In the Arctic, there exists over 40 different indigenous languages, which had survived for centuries or even thousands of years in small communities throughout the northern hemisphere. Most of these languages can still be found, spoken by a small group or individual, but in many cases, they have come close to extinction. In some cases, the reason for the weakening of the language has been the decline of the amount of its speakers. In other cases, local and national policies and leadership have had an impact on the language spoken in a particular area. What is, however, common for almost all the Arctic indigenous languages is the fact that in the past 100 years they have gone through an immense change, first several decades to a negative direction and now for the past two decades to a more positive direction.
From the late 19th century, the indigenous languages of the Arctic have been increasingly exposed to colonial powers. Especially in the second half of the 20th century, the indigenous peoples went trough an immense assimilation process organized by the state authorities. Indigenous children were in many cases educated in public schools, often in boarding schools, and their ties to their own culture and language were weakened intentionally. Due to the assimilation process along with the decline of indigenous inhabitants, many of the languages were about to extinct when the international indigenous movement emerged in the beginning of the 1970’s. The dominant languages in the Arctic today are Russian, English and Scandinavian languages, all which have been introduced to the Arctic inhabitants by a colonial power. However, in the recent years the indigenous languages have gained stronger status within the Arctic states either as protected cultural heritage or as an official language.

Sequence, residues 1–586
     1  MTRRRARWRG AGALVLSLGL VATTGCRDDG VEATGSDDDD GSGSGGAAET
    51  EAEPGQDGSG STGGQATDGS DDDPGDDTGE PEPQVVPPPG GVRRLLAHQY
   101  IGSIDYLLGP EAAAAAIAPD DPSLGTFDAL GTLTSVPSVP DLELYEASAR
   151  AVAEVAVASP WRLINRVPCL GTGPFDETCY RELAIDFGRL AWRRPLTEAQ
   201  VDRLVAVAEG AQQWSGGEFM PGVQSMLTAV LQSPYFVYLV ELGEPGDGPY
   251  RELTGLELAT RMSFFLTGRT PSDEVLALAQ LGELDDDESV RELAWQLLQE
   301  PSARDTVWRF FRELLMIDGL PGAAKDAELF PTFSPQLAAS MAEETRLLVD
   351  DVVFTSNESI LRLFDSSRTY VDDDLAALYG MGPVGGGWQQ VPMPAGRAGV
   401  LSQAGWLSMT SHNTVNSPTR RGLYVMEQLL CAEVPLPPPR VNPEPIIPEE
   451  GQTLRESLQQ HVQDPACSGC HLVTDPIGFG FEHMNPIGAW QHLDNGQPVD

In the Scandinavia, the Saami languages are protected by law and have a status of an official language within the Saami homeland in both Finland and Norway. In Sweden, the Sami languages can be used in public affairs in the municipalities of Arjeplog, Gällivare, Jokkmokk and Kiruna.
In Greenland, along with the establishment of the Greenland Self-Government in June this year, the Inuktitut became the only official language, Danish having being another official language in Greenland since 1950’s.
In Nunavut, Canada, all three languages, Inuktitut, English and French became Nunavut’s official languages in July 1, this summer, when Canadian government enacted a new Inuit Language Protection Act.
The situation in Russia is somewhat different. Under law, many of the indigenous languages are protected as a cultural heritage, but in reality their status varies enormously.
Even though many positive steps have been taken to revive the valuable heritage of Arctic indigenous peoples, much is still undone to guarantee the indigenous languages’ survival and status within the eight Arctic states. With the strong involvement of indigenous youth and establishment of new technologies, it has become easier for Arctic inhabitants to hold on to their culture and language despite the long distances and educational opportunities sought outside the Arctic. In addition, the influence the strong international indigenous movement has had on national policies has made the legal status of the languages better and in many cases they have gained special protection within the state system.